Photography is, I am learning in my own novice way, in many ways the study of light. But it is more than that, too. It is also the study of color and of texture. I can’t help but think that this is somehow a metaphor for living life. Light is the world we live in, the ocean in which we swim. Color represents those things around us, the things we see, the things we notice, the things we react to. Sometimes these colors of life are bright and superficial, sometimes darker and more soulful. But perhaps most important of all is texture. Texture is richer, deeper. No matter what the color, it is the texture that reveals the truth of something. Texture is not so much life as how you live your life—the choices you make, the way the world wears on you—etching grooves deep into your surface. Colors can change, but texture abides. And as we live our life, the texture of that life defines us more and more.
Ohio is a state with four seasons and, arguably, three of them suck. But even the grumpiest Buckeye would admit that Ohio is wonderful in the fall. This is the Ohio of the Calvin and Hobbes Sunday strips. Cool, comfortable weather; the exciting smell of that first true fall day; the leaves, oh, those glorious leaves. Couple all that with the human excitement of back to school, football season, Halloween and Thanksgiving, and you just have a swell old time.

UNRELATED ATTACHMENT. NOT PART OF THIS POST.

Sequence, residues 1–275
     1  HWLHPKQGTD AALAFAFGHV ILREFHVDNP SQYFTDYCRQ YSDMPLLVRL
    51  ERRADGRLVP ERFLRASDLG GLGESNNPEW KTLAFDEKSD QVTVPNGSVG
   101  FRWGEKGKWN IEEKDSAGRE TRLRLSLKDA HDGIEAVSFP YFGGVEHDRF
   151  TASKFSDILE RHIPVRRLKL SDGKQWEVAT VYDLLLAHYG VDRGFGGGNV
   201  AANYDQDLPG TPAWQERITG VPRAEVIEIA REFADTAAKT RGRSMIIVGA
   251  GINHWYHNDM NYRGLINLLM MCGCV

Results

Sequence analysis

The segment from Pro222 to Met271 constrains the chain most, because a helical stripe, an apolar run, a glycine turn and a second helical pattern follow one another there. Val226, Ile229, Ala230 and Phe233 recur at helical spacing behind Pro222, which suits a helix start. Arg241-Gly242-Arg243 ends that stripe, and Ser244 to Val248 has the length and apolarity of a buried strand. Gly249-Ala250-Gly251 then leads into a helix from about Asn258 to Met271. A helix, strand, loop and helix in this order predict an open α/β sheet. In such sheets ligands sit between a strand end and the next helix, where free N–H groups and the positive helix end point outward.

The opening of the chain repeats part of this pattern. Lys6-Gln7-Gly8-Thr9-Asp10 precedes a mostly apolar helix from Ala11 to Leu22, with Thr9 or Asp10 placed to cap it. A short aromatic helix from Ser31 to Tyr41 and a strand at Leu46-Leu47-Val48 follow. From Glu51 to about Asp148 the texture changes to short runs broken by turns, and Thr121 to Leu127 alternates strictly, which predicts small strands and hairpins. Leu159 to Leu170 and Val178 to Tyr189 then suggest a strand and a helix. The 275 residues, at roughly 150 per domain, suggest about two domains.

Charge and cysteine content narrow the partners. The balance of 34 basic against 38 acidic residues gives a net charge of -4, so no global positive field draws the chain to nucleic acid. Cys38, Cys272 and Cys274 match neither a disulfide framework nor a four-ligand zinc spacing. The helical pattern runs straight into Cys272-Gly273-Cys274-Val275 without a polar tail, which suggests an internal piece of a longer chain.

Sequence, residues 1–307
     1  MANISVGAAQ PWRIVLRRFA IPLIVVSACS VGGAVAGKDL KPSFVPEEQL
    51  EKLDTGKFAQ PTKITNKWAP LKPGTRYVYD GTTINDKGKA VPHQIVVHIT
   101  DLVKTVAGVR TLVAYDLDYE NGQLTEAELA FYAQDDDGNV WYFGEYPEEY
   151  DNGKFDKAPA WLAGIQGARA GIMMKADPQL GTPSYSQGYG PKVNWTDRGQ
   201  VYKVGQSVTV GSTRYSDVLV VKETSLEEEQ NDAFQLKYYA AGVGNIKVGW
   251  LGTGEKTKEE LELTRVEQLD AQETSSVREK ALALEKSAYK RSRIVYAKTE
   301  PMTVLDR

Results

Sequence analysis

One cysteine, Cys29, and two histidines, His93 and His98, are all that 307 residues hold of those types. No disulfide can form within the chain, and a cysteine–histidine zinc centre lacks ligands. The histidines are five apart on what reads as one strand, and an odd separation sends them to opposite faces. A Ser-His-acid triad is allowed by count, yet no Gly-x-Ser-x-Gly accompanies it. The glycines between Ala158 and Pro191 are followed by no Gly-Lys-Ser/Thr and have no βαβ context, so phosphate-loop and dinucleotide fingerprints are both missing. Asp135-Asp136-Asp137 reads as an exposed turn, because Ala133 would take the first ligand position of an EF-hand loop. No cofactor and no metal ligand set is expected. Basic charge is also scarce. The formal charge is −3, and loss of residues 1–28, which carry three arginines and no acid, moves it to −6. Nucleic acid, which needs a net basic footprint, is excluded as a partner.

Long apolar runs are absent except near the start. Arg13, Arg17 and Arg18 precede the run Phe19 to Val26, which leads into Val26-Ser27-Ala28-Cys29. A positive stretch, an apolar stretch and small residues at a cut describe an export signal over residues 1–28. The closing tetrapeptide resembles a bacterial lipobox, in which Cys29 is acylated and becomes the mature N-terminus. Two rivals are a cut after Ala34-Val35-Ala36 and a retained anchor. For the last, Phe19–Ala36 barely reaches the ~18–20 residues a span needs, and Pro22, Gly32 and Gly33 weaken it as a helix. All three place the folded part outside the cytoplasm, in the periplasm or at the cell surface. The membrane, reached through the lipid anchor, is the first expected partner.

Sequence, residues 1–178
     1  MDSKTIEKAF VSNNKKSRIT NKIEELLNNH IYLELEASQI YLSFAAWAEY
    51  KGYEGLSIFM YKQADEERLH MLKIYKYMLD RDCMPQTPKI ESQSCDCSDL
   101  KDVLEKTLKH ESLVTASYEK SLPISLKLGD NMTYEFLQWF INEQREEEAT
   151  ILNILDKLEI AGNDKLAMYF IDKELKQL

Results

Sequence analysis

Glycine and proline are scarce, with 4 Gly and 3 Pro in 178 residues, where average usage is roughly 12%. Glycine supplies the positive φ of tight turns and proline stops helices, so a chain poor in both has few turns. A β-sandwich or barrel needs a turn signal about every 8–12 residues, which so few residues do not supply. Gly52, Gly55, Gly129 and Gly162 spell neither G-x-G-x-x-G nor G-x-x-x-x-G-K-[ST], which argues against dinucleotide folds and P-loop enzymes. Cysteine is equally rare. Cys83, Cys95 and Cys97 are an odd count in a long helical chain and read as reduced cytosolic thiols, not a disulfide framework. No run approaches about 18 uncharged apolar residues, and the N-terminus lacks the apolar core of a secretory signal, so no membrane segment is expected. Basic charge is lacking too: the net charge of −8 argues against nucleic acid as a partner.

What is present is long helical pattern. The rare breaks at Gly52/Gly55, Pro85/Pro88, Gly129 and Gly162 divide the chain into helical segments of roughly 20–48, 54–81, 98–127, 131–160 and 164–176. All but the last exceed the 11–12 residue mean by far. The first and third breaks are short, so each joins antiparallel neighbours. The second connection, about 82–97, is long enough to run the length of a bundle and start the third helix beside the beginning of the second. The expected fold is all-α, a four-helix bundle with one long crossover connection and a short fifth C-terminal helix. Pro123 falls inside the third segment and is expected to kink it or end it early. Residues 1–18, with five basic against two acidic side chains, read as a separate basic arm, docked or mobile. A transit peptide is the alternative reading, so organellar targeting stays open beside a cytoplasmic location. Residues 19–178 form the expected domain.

Each October I spend a lot of time in the Cleveland area, on my other money-wasting hobby. These past few years I have not driven straight back to Columbus, but rather used the fact of being in Cleveland to launch an excursion into some area of northeast Ohio. That is what I did in October 2014 as I began my 40th formal photographic excursion across my beloved home state.